Female Circumcision: A HORROR THAT STILL LIVES WITH US! [Archives:1998/51/Health]
By: Dr. Najeeba Abdulghani,
Department of Child and Mother Care,
Ministry of Health.
Female circumcision, widely known as female genital mutilation (FGM), is a term used for a variety of surgical operations carried out on female genitalia. These operations are practiced on healthy female children for traditional reasons backed by great social pressure. The operations may lead to immediate health risks and, sometimes to long term health damage.
The practice of female circumcision is prevalent in parts of Africa and the Near East. In Yemen it is believed to be limited to certain areas. In the 1991-92 YDMCHS, respondents were asked whether they approved or disapproved to female circumcision. The data indicated that 21% of respondents approved female circumcision in some governorates.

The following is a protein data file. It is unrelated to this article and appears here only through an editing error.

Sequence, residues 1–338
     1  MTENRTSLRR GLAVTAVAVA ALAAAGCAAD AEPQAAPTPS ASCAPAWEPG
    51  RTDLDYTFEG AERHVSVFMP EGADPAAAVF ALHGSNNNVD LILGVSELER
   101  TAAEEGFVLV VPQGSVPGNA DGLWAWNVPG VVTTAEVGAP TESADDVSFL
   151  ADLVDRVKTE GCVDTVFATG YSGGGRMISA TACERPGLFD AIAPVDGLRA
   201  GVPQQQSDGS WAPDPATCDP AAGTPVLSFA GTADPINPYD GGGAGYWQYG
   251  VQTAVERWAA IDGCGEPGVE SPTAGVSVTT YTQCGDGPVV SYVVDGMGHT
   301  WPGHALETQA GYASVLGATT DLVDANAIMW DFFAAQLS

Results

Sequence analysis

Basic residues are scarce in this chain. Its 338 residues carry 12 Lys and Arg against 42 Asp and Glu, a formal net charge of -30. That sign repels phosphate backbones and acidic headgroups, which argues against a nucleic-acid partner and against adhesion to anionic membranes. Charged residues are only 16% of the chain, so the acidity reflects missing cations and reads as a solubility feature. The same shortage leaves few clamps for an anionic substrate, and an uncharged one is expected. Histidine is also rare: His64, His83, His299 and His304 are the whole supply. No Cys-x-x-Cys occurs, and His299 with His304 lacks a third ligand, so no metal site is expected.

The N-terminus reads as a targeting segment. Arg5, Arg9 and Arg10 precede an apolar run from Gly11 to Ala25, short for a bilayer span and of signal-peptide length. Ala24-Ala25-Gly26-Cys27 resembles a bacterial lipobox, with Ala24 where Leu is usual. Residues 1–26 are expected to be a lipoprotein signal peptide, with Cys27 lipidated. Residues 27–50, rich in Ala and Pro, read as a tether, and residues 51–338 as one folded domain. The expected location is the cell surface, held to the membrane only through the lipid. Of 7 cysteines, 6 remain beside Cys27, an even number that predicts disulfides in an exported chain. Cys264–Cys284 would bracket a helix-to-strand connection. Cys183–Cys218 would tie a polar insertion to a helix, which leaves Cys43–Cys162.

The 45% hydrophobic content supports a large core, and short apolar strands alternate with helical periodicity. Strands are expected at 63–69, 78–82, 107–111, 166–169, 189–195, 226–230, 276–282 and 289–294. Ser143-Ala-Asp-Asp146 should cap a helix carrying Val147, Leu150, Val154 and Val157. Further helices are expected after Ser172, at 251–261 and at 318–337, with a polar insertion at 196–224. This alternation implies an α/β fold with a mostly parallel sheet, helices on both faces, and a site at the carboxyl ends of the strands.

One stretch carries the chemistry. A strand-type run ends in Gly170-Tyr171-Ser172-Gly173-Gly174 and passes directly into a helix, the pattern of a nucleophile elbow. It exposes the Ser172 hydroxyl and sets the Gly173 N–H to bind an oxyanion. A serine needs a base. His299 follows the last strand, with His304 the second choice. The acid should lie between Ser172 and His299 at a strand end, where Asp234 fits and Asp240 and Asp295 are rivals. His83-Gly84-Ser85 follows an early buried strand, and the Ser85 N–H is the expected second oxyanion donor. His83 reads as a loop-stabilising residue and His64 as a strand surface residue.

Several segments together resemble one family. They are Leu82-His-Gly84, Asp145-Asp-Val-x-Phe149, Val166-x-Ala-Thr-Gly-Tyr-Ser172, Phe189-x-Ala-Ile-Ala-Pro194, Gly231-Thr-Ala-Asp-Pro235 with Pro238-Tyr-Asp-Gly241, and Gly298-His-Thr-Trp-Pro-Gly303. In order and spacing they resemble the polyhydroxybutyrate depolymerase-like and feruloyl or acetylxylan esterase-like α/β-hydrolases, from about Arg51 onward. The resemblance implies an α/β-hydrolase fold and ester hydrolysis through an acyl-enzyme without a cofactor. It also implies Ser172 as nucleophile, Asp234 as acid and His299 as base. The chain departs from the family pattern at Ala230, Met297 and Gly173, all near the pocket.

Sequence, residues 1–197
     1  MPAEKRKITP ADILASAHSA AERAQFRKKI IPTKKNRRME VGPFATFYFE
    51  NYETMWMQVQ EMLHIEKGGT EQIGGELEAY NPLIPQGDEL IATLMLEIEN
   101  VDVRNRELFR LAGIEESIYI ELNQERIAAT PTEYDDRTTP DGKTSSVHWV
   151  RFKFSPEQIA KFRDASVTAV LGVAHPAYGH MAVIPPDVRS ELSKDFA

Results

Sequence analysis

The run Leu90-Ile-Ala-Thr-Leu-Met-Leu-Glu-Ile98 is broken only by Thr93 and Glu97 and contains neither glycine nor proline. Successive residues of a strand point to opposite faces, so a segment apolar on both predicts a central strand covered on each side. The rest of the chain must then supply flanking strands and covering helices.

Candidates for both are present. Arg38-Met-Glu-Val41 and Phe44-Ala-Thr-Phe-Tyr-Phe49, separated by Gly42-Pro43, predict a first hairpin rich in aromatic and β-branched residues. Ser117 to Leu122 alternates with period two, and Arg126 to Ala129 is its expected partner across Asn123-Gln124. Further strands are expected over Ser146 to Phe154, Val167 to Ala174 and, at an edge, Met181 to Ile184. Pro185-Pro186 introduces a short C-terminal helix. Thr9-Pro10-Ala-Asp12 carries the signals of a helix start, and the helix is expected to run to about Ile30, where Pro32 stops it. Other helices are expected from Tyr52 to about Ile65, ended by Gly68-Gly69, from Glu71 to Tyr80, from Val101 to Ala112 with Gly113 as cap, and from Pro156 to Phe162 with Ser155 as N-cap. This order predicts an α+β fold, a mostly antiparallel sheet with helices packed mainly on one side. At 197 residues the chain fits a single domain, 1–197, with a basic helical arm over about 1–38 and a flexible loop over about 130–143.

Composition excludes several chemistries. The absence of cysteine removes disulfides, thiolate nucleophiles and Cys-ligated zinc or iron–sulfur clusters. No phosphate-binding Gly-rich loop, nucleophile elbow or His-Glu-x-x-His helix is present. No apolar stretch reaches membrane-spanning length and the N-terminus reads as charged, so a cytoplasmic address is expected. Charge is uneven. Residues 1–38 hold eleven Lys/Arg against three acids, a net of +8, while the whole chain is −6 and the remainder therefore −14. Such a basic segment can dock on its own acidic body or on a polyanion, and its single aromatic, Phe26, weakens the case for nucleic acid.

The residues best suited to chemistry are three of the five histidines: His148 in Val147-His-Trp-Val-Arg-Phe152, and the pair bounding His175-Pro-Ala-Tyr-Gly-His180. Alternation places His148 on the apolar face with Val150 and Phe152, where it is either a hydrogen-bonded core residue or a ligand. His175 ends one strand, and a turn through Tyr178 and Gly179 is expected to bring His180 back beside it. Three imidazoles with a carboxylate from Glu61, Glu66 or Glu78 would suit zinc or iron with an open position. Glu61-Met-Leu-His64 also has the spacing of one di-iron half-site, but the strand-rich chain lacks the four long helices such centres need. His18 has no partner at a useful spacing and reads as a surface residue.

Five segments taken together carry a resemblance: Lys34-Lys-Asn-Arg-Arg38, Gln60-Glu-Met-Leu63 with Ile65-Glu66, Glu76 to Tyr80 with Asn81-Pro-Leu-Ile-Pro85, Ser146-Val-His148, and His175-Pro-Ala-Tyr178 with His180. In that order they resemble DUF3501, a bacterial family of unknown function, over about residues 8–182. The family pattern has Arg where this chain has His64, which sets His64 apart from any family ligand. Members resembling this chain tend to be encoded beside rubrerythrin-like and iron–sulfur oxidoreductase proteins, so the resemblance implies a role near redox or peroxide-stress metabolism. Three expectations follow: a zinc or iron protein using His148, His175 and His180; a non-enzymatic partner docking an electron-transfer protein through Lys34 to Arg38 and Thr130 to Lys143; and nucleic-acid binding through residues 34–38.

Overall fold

No information was collected on the prevalence of female circumcision or reasons for respondents’ attitudes toward female circumcision. The questionnaire in the 1997 YDMCHS included a series of questions on female circumcision. All respondents were asked if they had heard of female circumcision. Those who had heard of the practice were then asked if they had been circumcised and if any of their daughters had been circumcised.
If any of their daughters had been circumcised, the respondents were asked the daughter’s age at the time of circumcision, the person who performed the procedure, the place where the procedure was performed, and the instrument used in the procedure. Information was also collected about any complications due to circumcision that the daughter suffered. Attitudinal questions on female circumcision were included for respondents who had heard of the practice.